Moore Stamps Signature on Snapper
Watch the Sub-Driver in action: Carissa Moore answered back to a big score from Stephanie Gilmore during the Roxy Pro Final.

Two-time World Champion Carissa Moore (HAW) is back in the frontrunner's yellow jersey heading into the second event of the women's 2015 Samsung Galaxy Championship Tour (CT) season. Swell during this year's Gold Coast window was more elusive than fans, event organizers and surfers would have hoped, forcing many of the world's best to grab their grovelers for competition.

Moore managed to win in Rounds 1 and 3 but her shaper, Lost Surfboards' Matt "Mayhem" Biolos, admits they took some time to get her board dialed in before heading into the later rounds. It would seem that Moore found the magic one just in time to help her win the event.

Carissa Moore' winning whip from  the 2015 Roxy Pro Gold Coast. Moore's winning whip. - WSL

Shaper: Lost Surfboards by Matt Biolos
Model: Sub-Driver
Dimensions: 5'8" x 18.75" x 2.25"
Tail: Squash
Volume: Slightly under 26 L

World Surf League: When the conditions turned out to be less desirable on the Gold Coast, how did Moore's board setup change?
Matt Biolos: After she just squeaked through her Round 3, three-woman heat, we regrouped and agreed she was looking less than stellar. We hadn't focused on grovel boards since [Huntington Beach] last July, and nothing she had looked or felt alive in the small, gutless waves. Combined with the fly weights, like Silvana [Lima] and Coco [Ho], looking so good in the small surf, Riss was feeling nervous about the rest of the event.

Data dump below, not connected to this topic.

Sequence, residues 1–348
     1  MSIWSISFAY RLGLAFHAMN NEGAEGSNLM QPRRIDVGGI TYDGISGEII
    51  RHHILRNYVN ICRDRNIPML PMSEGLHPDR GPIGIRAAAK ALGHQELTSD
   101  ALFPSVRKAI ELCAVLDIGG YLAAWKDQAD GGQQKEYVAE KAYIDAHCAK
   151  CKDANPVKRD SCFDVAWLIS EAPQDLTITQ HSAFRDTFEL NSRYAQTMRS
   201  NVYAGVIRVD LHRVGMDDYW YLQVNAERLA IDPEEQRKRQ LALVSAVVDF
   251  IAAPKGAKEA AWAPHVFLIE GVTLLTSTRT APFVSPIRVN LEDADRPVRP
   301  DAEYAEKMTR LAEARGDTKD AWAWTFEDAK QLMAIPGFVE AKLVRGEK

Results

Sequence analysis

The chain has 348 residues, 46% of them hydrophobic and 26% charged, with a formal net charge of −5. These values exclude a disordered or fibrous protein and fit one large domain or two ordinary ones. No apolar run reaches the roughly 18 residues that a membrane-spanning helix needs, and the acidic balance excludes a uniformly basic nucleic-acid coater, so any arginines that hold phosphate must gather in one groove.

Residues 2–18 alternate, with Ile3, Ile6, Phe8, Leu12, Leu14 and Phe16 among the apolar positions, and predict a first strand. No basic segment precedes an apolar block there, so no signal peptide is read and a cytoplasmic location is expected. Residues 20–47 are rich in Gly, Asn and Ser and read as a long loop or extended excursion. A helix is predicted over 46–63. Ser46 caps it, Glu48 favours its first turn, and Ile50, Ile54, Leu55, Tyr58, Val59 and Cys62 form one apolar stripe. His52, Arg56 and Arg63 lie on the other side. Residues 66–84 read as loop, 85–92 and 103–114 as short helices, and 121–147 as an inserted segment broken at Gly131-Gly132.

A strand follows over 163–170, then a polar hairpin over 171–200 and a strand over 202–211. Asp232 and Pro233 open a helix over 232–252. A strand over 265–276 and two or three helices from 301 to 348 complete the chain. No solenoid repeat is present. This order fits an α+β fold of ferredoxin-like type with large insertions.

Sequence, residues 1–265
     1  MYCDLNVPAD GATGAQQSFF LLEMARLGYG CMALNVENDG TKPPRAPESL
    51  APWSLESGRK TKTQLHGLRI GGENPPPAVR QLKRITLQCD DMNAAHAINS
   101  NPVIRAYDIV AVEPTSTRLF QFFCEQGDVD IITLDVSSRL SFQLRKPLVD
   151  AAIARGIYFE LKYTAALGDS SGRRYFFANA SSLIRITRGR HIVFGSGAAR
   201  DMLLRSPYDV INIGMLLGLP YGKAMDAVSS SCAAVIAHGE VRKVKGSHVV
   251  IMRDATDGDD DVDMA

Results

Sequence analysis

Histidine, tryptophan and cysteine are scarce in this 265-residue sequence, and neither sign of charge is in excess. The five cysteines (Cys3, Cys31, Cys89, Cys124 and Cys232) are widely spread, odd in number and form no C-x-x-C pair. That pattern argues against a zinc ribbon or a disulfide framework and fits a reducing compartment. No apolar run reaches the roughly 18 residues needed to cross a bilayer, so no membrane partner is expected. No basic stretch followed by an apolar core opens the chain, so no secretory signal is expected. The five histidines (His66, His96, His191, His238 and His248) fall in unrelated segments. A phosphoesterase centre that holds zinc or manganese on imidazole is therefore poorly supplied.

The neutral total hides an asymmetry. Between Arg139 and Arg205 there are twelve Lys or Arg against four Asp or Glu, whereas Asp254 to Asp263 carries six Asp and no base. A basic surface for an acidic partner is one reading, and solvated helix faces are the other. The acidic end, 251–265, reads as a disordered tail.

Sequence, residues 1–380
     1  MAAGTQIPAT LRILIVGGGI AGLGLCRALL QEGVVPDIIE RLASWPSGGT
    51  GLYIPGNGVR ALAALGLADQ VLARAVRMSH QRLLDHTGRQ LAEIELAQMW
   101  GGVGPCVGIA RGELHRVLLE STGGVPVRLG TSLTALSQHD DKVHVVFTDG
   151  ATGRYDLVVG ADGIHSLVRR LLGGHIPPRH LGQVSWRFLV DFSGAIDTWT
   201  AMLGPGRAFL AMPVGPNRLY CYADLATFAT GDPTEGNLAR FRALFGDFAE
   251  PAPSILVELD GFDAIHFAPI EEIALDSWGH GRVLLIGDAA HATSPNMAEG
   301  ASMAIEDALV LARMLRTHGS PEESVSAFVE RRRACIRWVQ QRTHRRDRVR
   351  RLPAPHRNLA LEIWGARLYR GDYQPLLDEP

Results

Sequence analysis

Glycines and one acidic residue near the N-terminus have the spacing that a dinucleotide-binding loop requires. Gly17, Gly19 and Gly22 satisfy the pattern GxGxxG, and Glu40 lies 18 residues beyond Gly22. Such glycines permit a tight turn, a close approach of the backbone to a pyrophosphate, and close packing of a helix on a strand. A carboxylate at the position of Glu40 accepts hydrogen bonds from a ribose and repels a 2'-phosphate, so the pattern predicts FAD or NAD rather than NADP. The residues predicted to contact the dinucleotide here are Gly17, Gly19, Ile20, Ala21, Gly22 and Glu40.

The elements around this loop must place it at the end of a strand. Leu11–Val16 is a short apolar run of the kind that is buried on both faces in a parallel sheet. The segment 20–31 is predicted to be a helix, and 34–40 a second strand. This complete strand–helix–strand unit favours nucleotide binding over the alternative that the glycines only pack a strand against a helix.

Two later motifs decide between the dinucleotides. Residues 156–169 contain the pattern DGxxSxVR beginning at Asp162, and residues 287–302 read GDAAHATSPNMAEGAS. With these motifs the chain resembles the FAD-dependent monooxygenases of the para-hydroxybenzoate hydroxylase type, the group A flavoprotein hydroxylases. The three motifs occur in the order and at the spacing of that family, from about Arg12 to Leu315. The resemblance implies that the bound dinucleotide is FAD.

I made five boards over the next few days, feeding her one of each of my most proven small-wave boards. The one she clicked with most, and went with, ended up being a Sub-Driver just shy of 26 L. It was the same model and dims as Wiggolly [Dantas'] board, but a touch smaller.

Moore on Fire at Roxy Pro
Carissa Moore made the most of the conditions with her Sub-Driver in the Gold Coast Final.

WSL: What are the challenges in designing a small-wave board versus a bigger-wave board?
MB: They are nearly the opposite, one is designed for controlling speeds, to allow turns ... The other's designed to create speed, all allow radical turns and maneuvers.

WSL: What are the biggest things surfers should switch up for small waves?
MB: I would say the main thing is to redistribute surface area, and adjust bottom curves from a surface planing bottom to a bottom that sits lower in the water at high speed.

WSL: Does Carissa switch things up a lot? Or does she tend to stick to the same designs for all conditions?
MB: Traditionally, she has been riding two rockers: One for junky, flat-faced surf, and one for solid surf. In solid surf, she has a rocker we call the CM-Pro. She rides this board in waves like Margs, Bells Bowl, Hawaii (Honolua, etc) as a 5'9 squash up to 6'0 round tails.

She has been riding a Sub-Scorcher 2 (SS2) in small surf since she won the U.S. Open and Portugal CT on one in 2013. But the SS2 looked flat and uninspired in the curvy little tight pockets of Snapper, so we needed to find a different curve.

Find out what makes a magic board so magical

WSL: When conditions get tricky how much do you weigh in? Does Carissa always know what she wants?
MB: On this occasion I got a bit more heavy-handed, but usually she and her dad, Chris, discuss and decide far more than I. He knows her surfing better than anyone.

WSL: Was there anything about Carissa's off-season training or improvement that you were surprised to see?
MB: Not really. She's a world champion athlete and knows what it takes to stay at that level.

Watch Moore and the rest of the Top 17 battle at the Rip Curl Women's Pro Bells Beach LIVE on the World Surf League homepage April 1 - 12, 2015.

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